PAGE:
Q: When should I quit a cash game? When I'm up, down or even?
|JOHAN STORAKERS - Swedish pro Johan Storakers has won more than $1.5 million and is listed fourth on Sweden's list of all-time money winners. He is currently playing the circuit in the United States. Playing competitively since 2000, Storakers won the MasterClassics of Poker in 2003 and two years later made two World Poker Tour final tables. CNS Photo. |
A: Good question! The human being is a strange creature. She doesn't want a negative result. Because of that fact people often tilt when they are down and try to win it back. To avoid those situations I think you should leave the table if you are down and keep on struggling against players on tilt, providing your stack hasn't grown to be so big that it makes you feel uncomfortable. Under those circumstances you should quit despite the fact you aren't satisfied.
Q: Do you believe in the "no set, no bet" rule?
I haven't heard of that rule. It seems rather stupid and since I am all about table image I can bet both a flush draw and a straight draw. But don't overdo it. Better to play tight and seldom bluff.
Q: How do you handle a player who always comes over the top of you?
A: Always? That's an easy question. But I assume that you don't mean "always," but even if he raises me a lot I am prepared. Of course, you need to know how you think the hand will develop and for that reason think one step further. It's a good thing to combine poker with mind games where you are forced to think more than one step at a time. Chess is a good example of such a game.
Q: Sometimes I have a drink to relax at the table - is this a bad idea?
Punta Gorda, Fla.
A: For me, drinking and poker don't go together, but there are exceptions to every rule and if I play low stakes in the company of friends I could party. I think you will have to answer that question yourself - but be honest.
Q: Music pumps me up to play good but I also feel like I'm missing things. Should I not listen to music when I play?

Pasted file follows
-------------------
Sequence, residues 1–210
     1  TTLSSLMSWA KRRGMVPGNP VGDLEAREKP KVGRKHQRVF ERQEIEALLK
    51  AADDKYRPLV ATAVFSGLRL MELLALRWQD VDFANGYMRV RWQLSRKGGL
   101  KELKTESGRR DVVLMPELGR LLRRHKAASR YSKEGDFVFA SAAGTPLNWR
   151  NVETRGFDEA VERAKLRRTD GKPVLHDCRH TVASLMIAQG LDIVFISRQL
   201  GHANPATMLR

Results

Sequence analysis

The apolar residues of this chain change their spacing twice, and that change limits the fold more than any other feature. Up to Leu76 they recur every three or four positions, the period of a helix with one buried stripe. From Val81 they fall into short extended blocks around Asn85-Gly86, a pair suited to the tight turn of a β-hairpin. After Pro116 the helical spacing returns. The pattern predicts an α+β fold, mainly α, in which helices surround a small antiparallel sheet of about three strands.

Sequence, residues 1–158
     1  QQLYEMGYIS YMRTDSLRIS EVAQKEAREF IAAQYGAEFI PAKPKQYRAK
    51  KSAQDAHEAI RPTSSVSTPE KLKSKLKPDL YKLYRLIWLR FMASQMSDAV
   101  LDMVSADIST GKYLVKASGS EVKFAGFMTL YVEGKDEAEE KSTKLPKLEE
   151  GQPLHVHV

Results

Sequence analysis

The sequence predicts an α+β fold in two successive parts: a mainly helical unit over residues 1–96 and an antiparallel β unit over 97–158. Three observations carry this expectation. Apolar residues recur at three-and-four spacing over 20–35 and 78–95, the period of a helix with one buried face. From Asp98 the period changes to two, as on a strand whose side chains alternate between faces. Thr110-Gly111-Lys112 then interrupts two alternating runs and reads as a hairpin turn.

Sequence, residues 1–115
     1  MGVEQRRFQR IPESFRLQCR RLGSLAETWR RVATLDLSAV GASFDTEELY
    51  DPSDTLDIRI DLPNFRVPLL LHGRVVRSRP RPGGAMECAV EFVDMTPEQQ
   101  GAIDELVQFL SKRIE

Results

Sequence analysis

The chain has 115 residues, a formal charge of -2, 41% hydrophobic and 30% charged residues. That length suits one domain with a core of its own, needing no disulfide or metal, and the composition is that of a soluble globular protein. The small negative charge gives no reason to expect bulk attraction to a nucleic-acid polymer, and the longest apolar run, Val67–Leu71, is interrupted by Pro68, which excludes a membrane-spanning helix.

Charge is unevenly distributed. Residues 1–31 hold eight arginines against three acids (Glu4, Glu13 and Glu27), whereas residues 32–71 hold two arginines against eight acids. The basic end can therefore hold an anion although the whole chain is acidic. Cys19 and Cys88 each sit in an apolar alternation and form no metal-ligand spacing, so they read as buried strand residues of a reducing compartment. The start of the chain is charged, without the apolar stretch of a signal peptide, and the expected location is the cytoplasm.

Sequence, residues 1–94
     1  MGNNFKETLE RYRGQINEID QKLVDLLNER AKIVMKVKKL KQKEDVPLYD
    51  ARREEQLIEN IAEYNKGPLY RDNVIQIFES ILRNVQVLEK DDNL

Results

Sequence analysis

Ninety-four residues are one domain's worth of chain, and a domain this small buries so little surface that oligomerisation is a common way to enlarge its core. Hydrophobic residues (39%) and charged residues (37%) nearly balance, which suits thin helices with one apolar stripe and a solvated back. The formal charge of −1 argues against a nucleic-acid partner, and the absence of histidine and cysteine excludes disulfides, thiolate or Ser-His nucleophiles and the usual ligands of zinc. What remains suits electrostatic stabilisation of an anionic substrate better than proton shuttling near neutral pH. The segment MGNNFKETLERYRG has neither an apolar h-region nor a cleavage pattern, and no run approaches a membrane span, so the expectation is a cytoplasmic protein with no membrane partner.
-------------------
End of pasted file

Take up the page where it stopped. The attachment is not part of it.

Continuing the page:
A: I myself don't listen to music. I don't find anything wrong with it but it makes it harder to gather information. Poker is a game of information. The more unfocussed on the game you are the more information you miss out on. If music makes you at ease, it's a question of balance - well-being or information. That is for you to decide.
Q: Is it OK to limp with J-J in first position at an aggressive table?
Hate the Hooks
Key West, Fla.
A: Hmm, I rarely limp with J-J, but as I see it there is no straight answer to this question. Limping with J-J could be very good in different ways. One is if a weak player raises you then you could re-raise. Second is if you get an indication of strong hands you could fold pocket jacks without losing too many chips. A third and more far-fetched scenario is that you could hit trips and trap someone. Another possibility is that your opponents don't realize you may have an overpair, so with a low flop again you could trap your opponents.
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Adept at both online and live tournament poker, globe-trotting Swedish pro Johan Storakers is a threat to win any event he enters. With 50 cashes for more than $1.5 million, Johan is just getting started. He is listed fourth on Sweden's all-time money list and is currently playing the circuit in the United States as well. Known for not being afraid to gamble if he has a chance to knock a player out, Johan is also a serious Internet player who represents UltimateBet.com, sometimes competing under the screen name Nytorget, an area of Stockholm. Playing competitively since 2000, Johan won the MasterClassics of Poker in 2003 and two years later made two World Poker Tour final tables.
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